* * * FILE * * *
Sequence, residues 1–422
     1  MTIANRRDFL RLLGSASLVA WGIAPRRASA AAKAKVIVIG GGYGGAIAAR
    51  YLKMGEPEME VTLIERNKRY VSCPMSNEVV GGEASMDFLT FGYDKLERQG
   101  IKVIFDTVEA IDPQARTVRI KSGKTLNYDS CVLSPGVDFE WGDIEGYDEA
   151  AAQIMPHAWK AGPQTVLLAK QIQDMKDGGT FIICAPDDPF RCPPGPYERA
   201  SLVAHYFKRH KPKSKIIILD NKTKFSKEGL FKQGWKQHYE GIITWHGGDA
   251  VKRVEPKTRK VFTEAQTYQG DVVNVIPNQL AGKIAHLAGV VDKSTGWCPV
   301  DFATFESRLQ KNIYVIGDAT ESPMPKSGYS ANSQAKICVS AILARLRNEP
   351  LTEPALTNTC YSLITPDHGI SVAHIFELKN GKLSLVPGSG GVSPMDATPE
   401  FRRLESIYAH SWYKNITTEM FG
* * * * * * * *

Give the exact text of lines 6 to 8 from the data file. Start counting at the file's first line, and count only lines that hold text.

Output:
   201  SLVAHYFKRH KPKSKIIILD NKTKFSKEGL FKQGWKQHYE GIITWHGGDA
   251  VKRVEPKTRK VFTEAQTYQG DVVNVIPNQL AGKIAHLAGV VDKSTGWCPV
   301  DFATFESRLQ KNIYVIGDAT ESPMPKSGYS ANSQAKICVS AILARLRNEP